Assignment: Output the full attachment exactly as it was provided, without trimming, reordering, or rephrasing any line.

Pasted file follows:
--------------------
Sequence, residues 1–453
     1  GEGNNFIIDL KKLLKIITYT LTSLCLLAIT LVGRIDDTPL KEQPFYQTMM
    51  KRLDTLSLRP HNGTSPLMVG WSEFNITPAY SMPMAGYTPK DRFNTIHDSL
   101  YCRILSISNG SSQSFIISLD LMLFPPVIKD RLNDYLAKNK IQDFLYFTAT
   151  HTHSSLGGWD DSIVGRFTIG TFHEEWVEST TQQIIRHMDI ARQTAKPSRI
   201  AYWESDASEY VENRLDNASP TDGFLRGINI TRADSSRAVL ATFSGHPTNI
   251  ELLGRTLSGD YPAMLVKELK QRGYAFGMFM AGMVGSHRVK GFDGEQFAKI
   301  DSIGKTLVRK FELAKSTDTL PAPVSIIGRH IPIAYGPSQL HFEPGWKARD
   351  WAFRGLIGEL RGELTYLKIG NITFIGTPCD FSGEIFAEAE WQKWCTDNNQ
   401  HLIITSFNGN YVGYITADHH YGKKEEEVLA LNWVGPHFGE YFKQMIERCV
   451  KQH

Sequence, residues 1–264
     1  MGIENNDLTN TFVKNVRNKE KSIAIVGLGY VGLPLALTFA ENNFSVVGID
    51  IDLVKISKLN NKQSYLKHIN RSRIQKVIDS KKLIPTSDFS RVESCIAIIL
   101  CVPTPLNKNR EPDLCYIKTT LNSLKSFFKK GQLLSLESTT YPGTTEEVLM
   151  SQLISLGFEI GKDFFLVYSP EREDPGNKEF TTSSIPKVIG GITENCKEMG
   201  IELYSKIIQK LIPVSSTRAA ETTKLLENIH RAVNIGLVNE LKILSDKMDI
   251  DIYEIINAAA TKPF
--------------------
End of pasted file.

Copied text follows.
Sequence, residues 1–453
     1  GEGNNFIIDL KKLLKIITYT LTSLCLLAIT LVGRIDDTPL KEQPFYQTMM
    51  KRLDTLSLRP HNGTSPLMVG WSEFNITPAY SMPMAGYTPK DRFNTIHDSL
   101  YCRILSISNG SSQSFIISLD LMLFPPVIKD RLNDYLAKNK IQDFLYFTAT
   151  HTHSSLGGWD DSIVGRFTIG TFHEEWVEST TQQIIRHMDI ARQTAKPSRI
   201  AYWESDASEY VENRLDNASP TDGFLRGINI TRADSSRAVL ATFSGHPTNI
   251  ELLGRTLSGD YPAMLVKELK QRGYAFGMFM AGMVGSHRVK GFDGEQFAKI
   301  DSIGKTLVRK FELAKSTDTL PAPVSIIGRH IPIAYGPSQL HFEPGWKARD
   351  WAFRGLIGEL RGELTYLKIG NITFIGTPCD FSGEIFAEAE WQKWCTDNNQ
   401  HLIITSFNGN YVGYITADHH YGKKEEEVLA LNWVGPHFGE YFKQMIERCV
   451  KQH

Sequence, residues 1–264
     1  MGIENNDLTN TFVKNVRNKE KSIAIVGLGY VGLPLALTFA ENNFSVVGID
    51  IDLVKISKLN NKQSYLKHIN RSRIQKVIDS KKLIPTSDFS RVESCIAIIL
   101  CVPTPLNKNR EPDLCYIKTT LNSLKSFFKK GQLLSLESTT YPGTTEEVLM
   151  SQLISLGFEI GKDFFLVYSP EREDPGNKEF TTSSIPKVIG GITENCKEMG
   201  IELYSKIIQK LIPVSSTRAA ETTKLLENIH RAVNIGLVNE LKILSDKMDI
   251  DIYEIINAAA TKPF